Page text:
1876

Sequestrations

John Alexander Millar, boatbuilder Cellardyke, in the parish of Kilrenny

1877

Aberdeen – dwellers in the city who were lulled to sleep on Monday night by the sound of descending torrents of rain and a strong ENE breeze were most disagreeably surprised on awakening yesterday morning to a strong gale….. that the rain had fallen continuously during the night was plainly evinced by the state of the river Dee and Don both streams running in high spate..  the larger portion of the herring fleet had returned to port but up until 5 o clock yesterday there still remained at sea twenty boats hailing from Cellardyke , one from Torry and one from Footdee. During the day information was received that two of these boats had succeeded in making Cellardyke to which they belonged, and that others were expected. About midday when the gale was at its height, a fishing boat under sail was descried in the offing . The utmost excitement at once prevailed amongst the fishing community, as the bar was considered impassable, and, the north pier was speedily crowded by a large number of spectators. Mr William Clark, captain pilot, and Mr J Davidson his assistant, made the usual necessary arrangements for rendering assistance should it be required, but the boat stood to the southward. When off the harbour entrance however she reached for the port. The ‘fresh’ from the Dee was running very heavily on the bar, and a broken sea was thus caused in which it was feared the boat could not live, but as she got within the breakwater a lull took place, and although under close reefed mainsail, the boat, which was handled in fine style by her crew made her way slowly up the harbour past the lower jetty, where she safely moored. The craft which is Marked KY 1342 (‘Energy’) belongs to Cellardyke and is commanded by Daniel Henderson (owner of my house in West Forth Street, he owned this vessel between 1876 and 1879 she was only 42ft of keel). It appears that the crew hung at their nets till two o clock yesterday morning, when they broke adrift losing ten nets and getting others much damaged. They passed other Cellardyke boats, who had preferred riding at their nets to running for any harbour. Councillors Inglis and Mearns were at the North Pier while the Fishing boat KY 1342 was in danger and took an active interest in the proceedings.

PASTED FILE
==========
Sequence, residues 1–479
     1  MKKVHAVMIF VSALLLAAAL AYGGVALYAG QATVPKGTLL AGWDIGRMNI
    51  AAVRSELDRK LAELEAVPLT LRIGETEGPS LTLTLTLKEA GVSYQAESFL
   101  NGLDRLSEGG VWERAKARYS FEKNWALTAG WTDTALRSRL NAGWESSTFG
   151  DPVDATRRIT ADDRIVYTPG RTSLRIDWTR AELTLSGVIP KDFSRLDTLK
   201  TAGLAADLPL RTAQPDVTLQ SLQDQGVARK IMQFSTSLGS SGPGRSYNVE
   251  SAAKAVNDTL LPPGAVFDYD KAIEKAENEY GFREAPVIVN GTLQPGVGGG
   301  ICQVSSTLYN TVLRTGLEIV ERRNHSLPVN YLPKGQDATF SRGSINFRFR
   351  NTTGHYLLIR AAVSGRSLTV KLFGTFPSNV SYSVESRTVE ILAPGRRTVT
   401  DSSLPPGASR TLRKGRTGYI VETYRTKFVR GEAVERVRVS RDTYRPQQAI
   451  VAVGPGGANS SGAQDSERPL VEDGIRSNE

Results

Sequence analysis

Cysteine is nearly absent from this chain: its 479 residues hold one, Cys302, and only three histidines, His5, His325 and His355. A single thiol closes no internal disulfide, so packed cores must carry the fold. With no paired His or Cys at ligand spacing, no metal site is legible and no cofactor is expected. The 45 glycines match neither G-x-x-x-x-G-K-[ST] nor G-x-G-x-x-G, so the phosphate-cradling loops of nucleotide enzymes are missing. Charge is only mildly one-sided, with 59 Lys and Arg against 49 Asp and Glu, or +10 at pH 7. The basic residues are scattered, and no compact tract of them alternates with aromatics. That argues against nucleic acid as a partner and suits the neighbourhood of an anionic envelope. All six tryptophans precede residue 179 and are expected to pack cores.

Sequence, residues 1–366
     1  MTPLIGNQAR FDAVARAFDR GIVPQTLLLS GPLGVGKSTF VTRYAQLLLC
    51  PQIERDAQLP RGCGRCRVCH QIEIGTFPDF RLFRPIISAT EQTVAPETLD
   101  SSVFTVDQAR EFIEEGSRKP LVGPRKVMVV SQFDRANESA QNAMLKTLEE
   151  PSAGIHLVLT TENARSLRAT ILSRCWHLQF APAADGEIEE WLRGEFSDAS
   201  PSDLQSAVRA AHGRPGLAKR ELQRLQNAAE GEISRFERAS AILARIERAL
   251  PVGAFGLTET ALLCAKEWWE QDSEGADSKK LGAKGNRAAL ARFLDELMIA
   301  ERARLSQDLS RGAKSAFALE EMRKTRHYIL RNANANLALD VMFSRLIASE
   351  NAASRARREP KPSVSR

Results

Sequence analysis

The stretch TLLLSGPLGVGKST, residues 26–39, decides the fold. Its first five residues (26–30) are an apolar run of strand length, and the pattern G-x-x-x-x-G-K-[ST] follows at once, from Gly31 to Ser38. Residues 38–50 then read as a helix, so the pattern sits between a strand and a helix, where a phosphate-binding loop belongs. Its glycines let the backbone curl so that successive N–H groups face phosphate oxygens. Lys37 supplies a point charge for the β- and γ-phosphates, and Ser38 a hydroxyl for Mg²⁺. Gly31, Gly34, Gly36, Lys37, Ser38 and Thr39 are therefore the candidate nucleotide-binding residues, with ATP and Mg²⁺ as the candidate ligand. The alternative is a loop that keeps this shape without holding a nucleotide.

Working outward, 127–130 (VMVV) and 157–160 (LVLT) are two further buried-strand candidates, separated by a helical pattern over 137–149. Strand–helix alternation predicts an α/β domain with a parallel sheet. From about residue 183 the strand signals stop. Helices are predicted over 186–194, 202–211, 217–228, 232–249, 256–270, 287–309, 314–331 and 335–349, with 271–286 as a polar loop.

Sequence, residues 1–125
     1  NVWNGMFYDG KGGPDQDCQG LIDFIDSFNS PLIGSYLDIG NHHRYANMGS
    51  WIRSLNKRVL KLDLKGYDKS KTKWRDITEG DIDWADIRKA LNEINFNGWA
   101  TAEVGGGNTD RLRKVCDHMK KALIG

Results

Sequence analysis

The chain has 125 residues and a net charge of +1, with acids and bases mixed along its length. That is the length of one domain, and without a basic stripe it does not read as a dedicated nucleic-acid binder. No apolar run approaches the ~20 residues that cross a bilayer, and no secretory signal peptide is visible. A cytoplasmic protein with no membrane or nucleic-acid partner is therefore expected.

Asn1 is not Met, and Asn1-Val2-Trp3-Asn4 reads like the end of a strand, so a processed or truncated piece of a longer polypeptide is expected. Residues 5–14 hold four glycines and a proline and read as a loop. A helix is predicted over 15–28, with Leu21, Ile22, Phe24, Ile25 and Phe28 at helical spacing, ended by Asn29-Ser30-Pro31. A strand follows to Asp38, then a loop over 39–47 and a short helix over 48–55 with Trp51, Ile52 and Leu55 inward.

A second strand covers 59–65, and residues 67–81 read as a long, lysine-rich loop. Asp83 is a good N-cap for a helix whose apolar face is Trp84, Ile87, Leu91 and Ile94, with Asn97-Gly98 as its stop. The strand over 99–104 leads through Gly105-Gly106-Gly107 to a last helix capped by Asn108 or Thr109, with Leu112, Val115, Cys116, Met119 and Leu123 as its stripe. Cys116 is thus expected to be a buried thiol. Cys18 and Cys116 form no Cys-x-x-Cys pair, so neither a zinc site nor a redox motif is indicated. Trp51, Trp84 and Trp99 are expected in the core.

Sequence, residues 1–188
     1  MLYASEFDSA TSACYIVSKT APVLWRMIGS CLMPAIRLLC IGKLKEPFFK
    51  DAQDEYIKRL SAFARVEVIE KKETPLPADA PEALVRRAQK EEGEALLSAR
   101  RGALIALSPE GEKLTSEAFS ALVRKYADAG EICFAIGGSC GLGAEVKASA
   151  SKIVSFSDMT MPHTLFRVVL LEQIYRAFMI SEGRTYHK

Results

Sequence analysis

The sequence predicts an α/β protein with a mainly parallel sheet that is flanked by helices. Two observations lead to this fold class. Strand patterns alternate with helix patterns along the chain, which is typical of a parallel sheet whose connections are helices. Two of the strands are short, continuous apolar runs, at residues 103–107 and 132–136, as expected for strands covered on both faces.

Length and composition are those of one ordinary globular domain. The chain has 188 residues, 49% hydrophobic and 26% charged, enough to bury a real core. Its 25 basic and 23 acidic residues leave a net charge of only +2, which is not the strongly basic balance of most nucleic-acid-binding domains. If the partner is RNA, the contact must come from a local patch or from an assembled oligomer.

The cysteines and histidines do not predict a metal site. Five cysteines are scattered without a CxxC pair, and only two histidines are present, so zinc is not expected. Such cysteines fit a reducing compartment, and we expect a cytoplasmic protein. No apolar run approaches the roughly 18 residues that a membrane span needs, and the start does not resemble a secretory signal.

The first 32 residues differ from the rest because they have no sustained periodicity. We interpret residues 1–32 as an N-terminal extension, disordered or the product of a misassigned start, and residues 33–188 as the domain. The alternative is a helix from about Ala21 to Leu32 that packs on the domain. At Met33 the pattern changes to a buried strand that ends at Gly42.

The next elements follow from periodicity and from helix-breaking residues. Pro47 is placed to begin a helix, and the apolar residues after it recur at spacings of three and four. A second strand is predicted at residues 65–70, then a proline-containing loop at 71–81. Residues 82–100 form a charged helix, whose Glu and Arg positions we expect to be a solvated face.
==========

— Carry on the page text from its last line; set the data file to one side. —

1878

A Blacksmith name Peter Thomas Nicholl belonging Cellardyke was fined 30s with the alternative of 21 days imprisonment for conducting himself in a riotous manner on Saturday last, and using threatening language towards his wife.

1880